In particular the 87Sr/86Sr ratio is sensitive to the location and time of a sediment's origin because 87Sr is a decay product of 87Rb. Because a given wine district can contain a variety of lithologies, variations in isotopic compositions of the soil can be used to distinguish the grapes grown in that soil, and by extension the wines made from them, from grapes and wine from adjoining vineyards.

The researchers used thermal ionization mass spectrometry to analyze a large set of Italian commercial bottled certified wines from various regions. They also compared various vintages from the same vineyards. Their analytical procedure determines the 87Sr/86Sr ratio for wines with the same precision as generally reported for geological materials (≈20 ppm). The results show an internal precision of <10 ppm for replicate measurements and an external precision at a 95% confidence level of ±23 ppm.

For most of the wines sampled, the 87Sr/86Sr ratio did not vary significantly with the vintage year. For one of the two wines that showed a variation, the winemaker had started using grapes from a new vineyard in 2010, but did not mix grapes from the two vineyards. Post-2010 wines made with grapes from the original vineyard had strontium isotope ratios similar to the older wines from the same vineyard. The other wine was a white wine, which probably had been treated with bentonite or limestone. Even if these additives were completely filtered out, some residual strontium could have remained in the wine. Thus, the authors believe that their method works best for red wines.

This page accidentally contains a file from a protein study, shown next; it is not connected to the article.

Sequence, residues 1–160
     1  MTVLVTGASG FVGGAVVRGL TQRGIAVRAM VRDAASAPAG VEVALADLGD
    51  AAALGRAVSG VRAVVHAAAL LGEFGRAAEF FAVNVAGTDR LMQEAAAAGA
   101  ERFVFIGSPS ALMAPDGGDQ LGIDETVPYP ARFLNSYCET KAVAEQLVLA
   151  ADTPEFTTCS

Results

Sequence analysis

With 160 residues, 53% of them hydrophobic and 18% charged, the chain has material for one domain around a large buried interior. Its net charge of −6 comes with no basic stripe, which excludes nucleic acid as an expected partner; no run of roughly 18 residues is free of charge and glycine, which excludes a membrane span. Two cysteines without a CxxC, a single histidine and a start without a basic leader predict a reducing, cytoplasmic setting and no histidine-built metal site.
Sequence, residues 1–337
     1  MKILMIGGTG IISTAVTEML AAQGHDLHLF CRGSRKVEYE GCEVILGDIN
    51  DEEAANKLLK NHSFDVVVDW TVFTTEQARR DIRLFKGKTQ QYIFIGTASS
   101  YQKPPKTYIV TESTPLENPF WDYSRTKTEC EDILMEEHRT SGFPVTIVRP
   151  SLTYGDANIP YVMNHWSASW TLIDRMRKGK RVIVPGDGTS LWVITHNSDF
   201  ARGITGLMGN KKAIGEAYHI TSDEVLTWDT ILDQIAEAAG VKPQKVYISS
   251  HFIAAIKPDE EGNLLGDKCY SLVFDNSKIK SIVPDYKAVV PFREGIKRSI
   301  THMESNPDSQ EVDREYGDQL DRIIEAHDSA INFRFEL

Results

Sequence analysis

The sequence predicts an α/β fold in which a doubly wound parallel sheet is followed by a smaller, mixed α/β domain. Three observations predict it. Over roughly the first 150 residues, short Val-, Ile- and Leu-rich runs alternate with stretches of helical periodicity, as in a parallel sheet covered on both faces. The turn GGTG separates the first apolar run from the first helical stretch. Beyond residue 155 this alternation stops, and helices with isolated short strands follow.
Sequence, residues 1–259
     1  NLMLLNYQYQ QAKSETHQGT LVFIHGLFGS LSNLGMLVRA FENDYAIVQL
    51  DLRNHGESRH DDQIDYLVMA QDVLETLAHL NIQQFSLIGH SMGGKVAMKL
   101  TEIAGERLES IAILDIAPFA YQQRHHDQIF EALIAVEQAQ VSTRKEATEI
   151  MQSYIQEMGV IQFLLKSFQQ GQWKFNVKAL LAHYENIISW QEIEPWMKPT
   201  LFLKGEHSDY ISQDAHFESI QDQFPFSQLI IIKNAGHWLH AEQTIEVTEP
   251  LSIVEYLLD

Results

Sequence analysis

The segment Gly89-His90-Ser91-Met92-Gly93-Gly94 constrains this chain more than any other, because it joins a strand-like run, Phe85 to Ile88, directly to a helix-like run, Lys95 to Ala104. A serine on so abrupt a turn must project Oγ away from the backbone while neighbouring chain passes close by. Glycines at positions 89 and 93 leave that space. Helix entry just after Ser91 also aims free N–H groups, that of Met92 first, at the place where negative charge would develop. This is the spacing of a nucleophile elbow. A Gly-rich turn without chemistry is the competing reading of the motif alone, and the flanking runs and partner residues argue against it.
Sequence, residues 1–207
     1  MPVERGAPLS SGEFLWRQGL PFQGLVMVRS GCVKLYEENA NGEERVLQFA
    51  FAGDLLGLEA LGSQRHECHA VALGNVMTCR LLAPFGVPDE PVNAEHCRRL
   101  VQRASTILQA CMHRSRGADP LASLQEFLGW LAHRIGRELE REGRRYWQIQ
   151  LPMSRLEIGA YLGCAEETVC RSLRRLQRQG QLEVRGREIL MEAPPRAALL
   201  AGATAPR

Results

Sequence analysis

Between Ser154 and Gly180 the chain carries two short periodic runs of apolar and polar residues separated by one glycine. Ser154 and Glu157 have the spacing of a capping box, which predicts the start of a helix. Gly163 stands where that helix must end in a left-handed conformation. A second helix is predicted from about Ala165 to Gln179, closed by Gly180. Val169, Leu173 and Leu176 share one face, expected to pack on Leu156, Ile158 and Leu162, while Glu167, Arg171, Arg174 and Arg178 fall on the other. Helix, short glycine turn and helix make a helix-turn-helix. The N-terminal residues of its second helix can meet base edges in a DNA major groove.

Correlation of strontium isotope ratios of the wines with those of the corresponding soils and rocks is strongest for vineyards on volcanic rocks covering limestones (see figure). The correlation is poorer for vineyards on sedimentary substrata, which are characterized by a heterogeneous mix of textures and mineralogies. (J. Ag. Food Chem., 2013, 61, 6822–6831; Nancy McGuire)

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Tetrazine makes explosives electroactive. One way to improve the stability of energetic materials is to develop initiation methods other than thermal. This change is likely to reduce the materials’ sensitivity to mechanical and heat impacts.

Using the redox properties of 1,2,4,5-tetrazines, D. E. Chavez and co-authors at the Los Alamos National Laboratory (NM) and the Naval Research Laboratory (Washington, DC) prepared two electroactive explosives from a tetrazine derivative and nitrate esters that feature reversibly controllable oxidation states. In the presence of 2,4,6-collidine as base, the authors coupled 3,6-dichlorotetrazine (1), a strong electrophile, with pentaerythritol trinitrate (2) or nitroglycerin (4) to produce nitrate-functionalized tetrazines 3 and 5, respectively.

Although the sensitivity of 3 to impact, spark, and friction was similar to 2, the authors calculated that the explosive performance of 3 (detonation velocity and pressure) is lower than that of 2.

The authors also show that 3 and 5, even with their labile nitrate ester groups, form radical anions reversibly. The redox potentials for 3 and 5 are more negative than for parent tetrazine 1. (Angew. Chem., Int. Ed. 2013, 52, 6876–6879; Xin Su)